Text, photography, and video by Adam Spencer, Round River Conservation Scientist
As Luis “Esteban” Chiguay stares into the face of South America’s largest glacier, he’s becoming increasingly aware that it’s time to go. Standing on the muddy shore of its ice-bulldozed moraine, he takes one final look at the glowing blue glacier.
“This means everything. Everything. It’s the best thing I’ve ever experienced in my life.”
Esteban lowers his head, overtaken by emotion. He puts on his lifejacket, steps onto the Chilean Navy’s zodiac raft, and heads back to the ship.
Esteban had waited many years to finally see the Pío XI Glacier; thanks to our student team on the Round River Patagonia Conservation Program and to the tremendous help from the Chilean Navy, we were able to give him an environmental education experience he calls the best of his life.
Environmental Education – understanding our surroundings – is perhaps our oldest concept as a species, but it has taken on new meaning in our increasingly urbanized and digitalized culture. Our society has become so disconnected from nature that leaders in education policy, psychology, and public health institutions discuss how to best combat this “Nature-Deficit Disorder.”
As an instructor for Round River’s Patagonia program, I’ve been surprised to find that even in Patagonia’s rural communities, kids are not spending enough time outside. Families in the sparsely-populated region of Aysén have largely left their farms behind and moved into towns like Cochrane, Tortel, and Villa O’Higgins. Economics have played a heavy hand in encouraging this transformation, as hardship on the ranch contrasts the growing opportunities of tourism in the towns.
While their parents grew up helping on the farm, today’s young Patagonians spend much more time inside.
“I’ve never been to the glaciers, nor even seen the Island of the Dead,” twelve-year-old Javiera tells me, referring to a popular tourist attraction near Tortel. “My grandparents have a farm and I like to visit there because I feel like I can connect more with nature.”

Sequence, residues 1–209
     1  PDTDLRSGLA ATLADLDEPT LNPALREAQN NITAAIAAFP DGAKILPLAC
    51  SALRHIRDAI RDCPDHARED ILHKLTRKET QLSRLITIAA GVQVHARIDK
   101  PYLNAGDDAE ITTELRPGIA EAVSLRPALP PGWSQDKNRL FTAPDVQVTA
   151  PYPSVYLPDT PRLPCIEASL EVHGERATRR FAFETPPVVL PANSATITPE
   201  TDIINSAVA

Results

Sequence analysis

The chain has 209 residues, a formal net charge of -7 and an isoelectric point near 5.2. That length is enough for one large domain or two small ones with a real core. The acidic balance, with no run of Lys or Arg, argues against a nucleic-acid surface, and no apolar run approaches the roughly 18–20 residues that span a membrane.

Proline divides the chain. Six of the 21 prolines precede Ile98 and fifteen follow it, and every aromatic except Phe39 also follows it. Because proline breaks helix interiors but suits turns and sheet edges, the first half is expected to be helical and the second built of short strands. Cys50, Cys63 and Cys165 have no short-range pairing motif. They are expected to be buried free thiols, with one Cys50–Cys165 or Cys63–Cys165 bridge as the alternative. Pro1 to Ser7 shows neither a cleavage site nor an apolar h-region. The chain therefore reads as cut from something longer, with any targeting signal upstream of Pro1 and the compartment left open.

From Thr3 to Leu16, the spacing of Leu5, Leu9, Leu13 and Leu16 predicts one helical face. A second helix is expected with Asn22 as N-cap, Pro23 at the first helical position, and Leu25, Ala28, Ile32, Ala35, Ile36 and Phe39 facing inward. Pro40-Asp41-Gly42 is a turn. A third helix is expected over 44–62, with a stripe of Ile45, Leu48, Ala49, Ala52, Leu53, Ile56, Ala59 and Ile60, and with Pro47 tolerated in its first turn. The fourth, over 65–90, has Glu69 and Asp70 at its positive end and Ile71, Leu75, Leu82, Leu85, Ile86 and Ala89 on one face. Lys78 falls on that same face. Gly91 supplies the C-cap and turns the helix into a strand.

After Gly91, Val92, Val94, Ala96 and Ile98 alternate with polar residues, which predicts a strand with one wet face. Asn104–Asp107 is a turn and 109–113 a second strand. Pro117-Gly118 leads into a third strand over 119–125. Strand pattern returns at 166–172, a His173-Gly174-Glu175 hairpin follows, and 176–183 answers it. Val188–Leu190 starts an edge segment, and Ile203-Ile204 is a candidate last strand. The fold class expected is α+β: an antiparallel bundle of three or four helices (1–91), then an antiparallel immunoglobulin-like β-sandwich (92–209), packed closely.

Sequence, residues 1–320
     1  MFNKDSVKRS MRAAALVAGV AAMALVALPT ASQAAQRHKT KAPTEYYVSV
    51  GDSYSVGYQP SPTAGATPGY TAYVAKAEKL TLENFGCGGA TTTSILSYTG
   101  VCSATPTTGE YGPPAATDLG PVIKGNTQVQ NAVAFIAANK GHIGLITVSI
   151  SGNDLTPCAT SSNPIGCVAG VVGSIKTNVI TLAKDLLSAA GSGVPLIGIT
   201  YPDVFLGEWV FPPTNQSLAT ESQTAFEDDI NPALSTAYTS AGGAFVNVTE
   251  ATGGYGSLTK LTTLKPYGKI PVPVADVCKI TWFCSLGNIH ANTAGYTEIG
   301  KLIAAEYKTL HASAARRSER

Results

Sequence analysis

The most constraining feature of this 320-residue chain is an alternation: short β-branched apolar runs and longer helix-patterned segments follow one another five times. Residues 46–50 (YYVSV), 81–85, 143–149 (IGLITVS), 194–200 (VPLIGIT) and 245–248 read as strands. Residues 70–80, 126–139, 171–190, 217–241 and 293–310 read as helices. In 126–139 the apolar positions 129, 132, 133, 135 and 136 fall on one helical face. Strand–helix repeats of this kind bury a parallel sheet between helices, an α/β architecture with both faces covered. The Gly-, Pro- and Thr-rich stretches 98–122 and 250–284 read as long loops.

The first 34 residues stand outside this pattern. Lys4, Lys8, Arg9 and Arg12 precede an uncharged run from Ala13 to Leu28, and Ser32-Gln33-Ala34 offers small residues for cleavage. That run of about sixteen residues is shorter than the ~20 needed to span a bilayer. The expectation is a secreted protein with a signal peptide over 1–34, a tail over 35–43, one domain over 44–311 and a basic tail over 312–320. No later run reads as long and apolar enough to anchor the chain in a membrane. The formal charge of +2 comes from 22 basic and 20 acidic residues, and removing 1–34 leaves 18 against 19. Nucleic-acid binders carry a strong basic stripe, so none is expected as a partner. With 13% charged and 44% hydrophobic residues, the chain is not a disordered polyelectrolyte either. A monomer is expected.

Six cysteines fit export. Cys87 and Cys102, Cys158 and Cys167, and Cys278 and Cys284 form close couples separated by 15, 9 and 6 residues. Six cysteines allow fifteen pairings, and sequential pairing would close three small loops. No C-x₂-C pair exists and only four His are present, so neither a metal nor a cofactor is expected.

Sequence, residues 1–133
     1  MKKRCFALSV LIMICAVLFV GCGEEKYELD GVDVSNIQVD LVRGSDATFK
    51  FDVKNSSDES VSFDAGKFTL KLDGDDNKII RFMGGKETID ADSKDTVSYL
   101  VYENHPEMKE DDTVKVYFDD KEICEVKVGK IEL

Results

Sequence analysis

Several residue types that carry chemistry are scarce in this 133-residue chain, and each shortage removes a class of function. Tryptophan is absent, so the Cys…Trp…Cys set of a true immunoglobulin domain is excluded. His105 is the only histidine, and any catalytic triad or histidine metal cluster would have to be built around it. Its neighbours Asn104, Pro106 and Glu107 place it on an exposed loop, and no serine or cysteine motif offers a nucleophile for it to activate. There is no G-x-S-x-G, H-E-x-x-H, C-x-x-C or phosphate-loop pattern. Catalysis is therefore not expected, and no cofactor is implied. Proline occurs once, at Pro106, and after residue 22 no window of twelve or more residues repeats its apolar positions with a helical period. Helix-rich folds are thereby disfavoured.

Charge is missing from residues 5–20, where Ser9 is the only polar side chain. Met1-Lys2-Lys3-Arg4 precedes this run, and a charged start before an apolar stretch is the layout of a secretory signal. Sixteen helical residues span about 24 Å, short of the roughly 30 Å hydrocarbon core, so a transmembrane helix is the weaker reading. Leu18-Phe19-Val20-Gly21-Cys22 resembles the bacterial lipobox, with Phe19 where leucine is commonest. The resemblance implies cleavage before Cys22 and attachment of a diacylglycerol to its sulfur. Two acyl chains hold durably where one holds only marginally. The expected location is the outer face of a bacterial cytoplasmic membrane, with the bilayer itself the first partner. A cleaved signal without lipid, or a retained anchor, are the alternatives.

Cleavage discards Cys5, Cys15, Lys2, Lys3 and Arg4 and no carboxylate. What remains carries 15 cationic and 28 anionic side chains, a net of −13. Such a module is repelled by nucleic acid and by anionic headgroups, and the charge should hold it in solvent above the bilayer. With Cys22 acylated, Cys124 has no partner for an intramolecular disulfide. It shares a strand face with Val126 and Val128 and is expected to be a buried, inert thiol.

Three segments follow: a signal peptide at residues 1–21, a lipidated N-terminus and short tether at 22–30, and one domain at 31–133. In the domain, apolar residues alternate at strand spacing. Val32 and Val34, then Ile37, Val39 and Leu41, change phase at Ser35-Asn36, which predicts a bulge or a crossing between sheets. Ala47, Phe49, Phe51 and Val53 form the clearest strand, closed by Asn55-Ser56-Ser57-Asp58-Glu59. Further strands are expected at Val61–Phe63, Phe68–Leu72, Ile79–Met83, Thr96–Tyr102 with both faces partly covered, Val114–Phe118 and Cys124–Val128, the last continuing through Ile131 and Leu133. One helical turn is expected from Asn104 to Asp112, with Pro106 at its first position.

Helping children have positive relationships with nature is crucial to ensuring that nature is valued and protected in the future. Believing in this principle, the Round River Patagonia team has organized over a dozen environmental education workshops and field trips to help foster the next generation of environmental leaders among these communities.
“Kids are the future. They’ll take the reigns after us. But it’s also personal. I had the luck of experiencing nature when I was little. Somebody took me out to nature, taught me about nature when I was very young,” Fernando Iglesias Letelier, Round River Chile Program Coordinator, said.
Our Round River team has led hikes over mountains and into bogs, played games in classrooms to teach about Patagonia’s ecosystems, and led workshops in community centers about the endangered huemul deer. But, we’ve always dreamed of something even bigger. In this “Province of Glaciers,” we’ve dreamed of taking kids out to get to know and love their region’s most iconic feature: the glaciers of the Patagonian Ice Fields.
“This is a region in which most of the kids haven’t seen a glacier,” Alex, a teacher in Tortel, a hamlet of 700 people in the Capitan Pratt province, tells me. “I hope they can appreciate where they live, the treasure they have here where they’re from.”
“It could be we’ll have lived here our whole lives and we never saw the glaciers when they were bigger,” Andrea, a 15-year-old from Villa O’Higgins, said.